IMPERIAL COUNTY — The COVID-19 flu pandemic has now hit all 50 states in the U.S. and includes Imperial County within its grasp with two confirmed cases, and with more feared local schools were closed March 16.
Yet probably nobody feels the impact more than a parent. Kristy Curry is the mother of two sons; Carsen in fifth grade at Sunflower Elementary School and Ethan in third grade at Harding Elementary School, both in El Centro. She also is an assistant superintendent of the El Centro Elementary School District.
“Right now, it’s still new and feels like spring break,” said Curry. “They’re happy because they get to spend a lot of time with their grandfather, my dad, who’s offering a lot of support.”
Curry is negotiating with her sons to put in a least three hours a day with online assignments they received in a packet provided by their teachers.
“We keep up with new directives with the district’s Facebook page,” said Curry. “Also Teleparent (robo calls) informs us of any changes in the Public Health Department’s guidelines.
Despite being on the frontline of the COVID-19 crisis, Curry explained she does not feel under pressure.
“I see myself a government employee,” she said. “It’s my civic duty.”
Other Districts Coordinate Emergency Plans
At the Calexico Unified School District regular meeting March 12, the topic of COVID-19 was not included on the agenda yet Superintendent Carlos Gonzales said he dedicated time to outline the response to the health threat.
CUSD met with all site administrators to find out their concerns and what they need to do to connect with everybody.
“We put in safety measures so students and staff are secure,” said Gonzales. “It’s a fluid and rapidly changing situation. Older people and people with heart disease, lung disease and diabetes seem to be at a greater risk of serious illness.”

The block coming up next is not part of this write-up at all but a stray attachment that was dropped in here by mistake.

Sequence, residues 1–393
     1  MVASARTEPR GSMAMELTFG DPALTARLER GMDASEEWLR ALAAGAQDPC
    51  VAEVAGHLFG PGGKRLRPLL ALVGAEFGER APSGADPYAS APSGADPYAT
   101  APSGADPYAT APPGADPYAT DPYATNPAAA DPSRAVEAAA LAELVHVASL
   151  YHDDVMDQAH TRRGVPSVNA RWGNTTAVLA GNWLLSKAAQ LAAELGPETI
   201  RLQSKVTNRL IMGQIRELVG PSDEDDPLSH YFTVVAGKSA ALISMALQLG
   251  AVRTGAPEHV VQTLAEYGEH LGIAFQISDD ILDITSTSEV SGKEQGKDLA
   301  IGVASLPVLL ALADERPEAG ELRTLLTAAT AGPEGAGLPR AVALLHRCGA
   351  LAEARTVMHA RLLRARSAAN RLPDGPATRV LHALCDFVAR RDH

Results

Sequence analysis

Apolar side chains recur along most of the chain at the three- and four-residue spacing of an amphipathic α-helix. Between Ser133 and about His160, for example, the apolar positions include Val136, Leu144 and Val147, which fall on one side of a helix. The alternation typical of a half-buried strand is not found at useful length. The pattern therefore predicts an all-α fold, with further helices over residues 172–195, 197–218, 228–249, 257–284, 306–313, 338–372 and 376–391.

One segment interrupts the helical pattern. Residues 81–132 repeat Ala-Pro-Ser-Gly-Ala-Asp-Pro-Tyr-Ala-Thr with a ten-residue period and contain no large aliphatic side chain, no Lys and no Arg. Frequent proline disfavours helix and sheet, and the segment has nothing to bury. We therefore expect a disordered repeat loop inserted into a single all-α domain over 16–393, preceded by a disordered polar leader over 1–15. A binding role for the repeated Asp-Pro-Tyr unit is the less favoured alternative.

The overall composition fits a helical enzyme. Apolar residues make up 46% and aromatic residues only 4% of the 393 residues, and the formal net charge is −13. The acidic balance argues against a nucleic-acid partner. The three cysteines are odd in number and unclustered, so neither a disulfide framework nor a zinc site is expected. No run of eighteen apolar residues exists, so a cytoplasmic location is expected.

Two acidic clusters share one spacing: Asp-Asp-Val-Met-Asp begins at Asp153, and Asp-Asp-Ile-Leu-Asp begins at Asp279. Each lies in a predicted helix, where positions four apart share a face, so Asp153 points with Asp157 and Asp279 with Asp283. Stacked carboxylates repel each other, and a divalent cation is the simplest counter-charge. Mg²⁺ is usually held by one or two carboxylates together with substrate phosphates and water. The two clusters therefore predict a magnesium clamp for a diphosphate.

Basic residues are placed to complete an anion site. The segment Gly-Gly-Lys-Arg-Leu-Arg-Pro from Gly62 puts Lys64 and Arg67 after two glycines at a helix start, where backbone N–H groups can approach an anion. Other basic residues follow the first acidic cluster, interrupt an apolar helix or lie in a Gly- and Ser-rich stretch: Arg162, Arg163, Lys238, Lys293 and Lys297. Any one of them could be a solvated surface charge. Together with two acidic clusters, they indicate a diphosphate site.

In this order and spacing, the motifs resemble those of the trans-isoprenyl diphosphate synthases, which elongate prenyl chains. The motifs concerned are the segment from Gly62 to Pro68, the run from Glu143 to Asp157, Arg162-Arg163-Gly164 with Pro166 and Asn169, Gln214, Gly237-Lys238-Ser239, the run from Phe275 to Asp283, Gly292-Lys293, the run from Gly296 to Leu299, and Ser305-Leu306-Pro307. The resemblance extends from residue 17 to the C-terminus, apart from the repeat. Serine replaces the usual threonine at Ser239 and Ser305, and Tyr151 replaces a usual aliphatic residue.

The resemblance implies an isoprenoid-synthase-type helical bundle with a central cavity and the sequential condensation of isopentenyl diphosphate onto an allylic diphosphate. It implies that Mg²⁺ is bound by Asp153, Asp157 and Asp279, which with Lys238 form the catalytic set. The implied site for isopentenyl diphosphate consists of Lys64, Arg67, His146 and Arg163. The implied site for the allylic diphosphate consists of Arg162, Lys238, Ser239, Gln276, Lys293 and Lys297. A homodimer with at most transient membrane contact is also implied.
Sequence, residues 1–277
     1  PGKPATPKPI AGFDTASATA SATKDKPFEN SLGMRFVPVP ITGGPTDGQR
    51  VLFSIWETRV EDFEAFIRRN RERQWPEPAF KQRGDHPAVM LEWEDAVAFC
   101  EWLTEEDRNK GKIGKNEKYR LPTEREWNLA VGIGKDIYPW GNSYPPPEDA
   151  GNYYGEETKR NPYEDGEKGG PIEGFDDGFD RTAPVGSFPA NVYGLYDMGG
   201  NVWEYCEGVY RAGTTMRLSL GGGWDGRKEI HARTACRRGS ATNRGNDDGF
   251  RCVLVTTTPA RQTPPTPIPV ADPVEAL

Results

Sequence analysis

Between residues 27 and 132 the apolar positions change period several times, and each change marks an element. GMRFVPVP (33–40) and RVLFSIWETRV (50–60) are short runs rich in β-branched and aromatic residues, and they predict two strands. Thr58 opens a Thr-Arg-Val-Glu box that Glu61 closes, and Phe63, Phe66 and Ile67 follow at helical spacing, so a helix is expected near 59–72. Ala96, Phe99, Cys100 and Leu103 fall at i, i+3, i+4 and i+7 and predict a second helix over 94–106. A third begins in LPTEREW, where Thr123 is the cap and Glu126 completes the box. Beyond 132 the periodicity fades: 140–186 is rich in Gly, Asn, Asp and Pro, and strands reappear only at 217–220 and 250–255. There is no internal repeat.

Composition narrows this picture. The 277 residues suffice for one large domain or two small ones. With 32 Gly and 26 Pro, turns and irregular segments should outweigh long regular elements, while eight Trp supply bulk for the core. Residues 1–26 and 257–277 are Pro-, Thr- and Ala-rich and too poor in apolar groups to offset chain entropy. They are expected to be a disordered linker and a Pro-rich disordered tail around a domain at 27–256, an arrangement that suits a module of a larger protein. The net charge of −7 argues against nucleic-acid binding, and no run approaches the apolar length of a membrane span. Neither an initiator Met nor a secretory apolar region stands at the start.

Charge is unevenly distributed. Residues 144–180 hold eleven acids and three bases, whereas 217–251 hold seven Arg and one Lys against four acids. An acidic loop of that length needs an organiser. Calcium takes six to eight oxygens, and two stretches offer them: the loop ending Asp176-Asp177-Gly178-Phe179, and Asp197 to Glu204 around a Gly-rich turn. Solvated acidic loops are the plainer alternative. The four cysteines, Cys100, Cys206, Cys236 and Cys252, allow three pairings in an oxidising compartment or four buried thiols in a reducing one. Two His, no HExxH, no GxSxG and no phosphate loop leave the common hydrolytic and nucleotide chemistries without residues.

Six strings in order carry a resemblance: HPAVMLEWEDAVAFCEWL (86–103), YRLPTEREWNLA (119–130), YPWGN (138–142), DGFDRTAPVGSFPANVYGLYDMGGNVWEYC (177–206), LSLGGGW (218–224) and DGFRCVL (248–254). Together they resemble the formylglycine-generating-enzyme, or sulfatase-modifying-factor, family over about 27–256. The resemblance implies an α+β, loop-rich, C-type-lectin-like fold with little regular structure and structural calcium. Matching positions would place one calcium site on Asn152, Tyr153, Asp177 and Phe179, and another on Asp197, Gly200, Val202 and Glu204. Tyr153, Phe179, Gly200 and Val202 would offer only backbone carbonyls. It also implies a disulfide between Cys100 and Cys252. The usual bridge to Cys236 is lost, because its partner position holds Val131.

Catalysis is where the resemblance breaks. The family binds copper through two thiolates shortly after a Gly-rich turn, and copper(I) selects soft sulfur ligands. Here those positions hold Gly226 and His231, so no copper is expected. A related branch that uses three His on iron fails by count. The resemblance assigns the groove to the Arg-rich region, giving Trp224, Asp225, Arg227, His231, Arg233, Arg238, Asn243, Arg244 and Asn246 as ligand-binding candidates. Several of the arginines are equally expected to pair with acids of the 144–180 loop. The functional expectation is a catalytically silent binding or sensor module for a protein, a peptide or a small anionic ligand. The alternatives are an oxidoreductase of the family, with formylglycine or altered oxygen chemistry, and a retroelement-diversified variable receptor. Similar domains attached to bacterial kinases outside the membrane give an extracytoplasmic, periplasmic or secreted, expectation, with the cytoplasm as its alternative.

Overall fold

Some of those plans became moot days later when the countywide school closure through April 17 was announced jointly by the Imperial County Office of Education and local school district superintendents. This occurred despite no reports of students or school staff having the virus.
“During the time of the school closure, we are asking that students and families follow the County Public Health Officer’s recommendation to stay home and minimize social contact,” the announcement stated. “While children have not been a high-risk group, they are still able to transmit the virus to those who are most vulnerable to serious illness, such as older adults and those with compromised immune systems. We understand this closure will be disruptive, yet we appreciate your patience and cooperation.”
As far as Imperial Valley College is concerned it canceled classroom instruction effective March 16 as well.
“We plan to be closed at a minimum until April 20, 2020; however, the date may change based on the development of COVID-19,” stated Martha Garcia, college superintendent/president.
“Also, student services is working to convert all service to online, if feasible,” Garcia added. “We recognize that some students lack the technology needed to work online, and we are trying to address that need as well but it will last until the closure ends.”
IVC recognizes this situation is rapidly evolving and must be flexible, the statement added.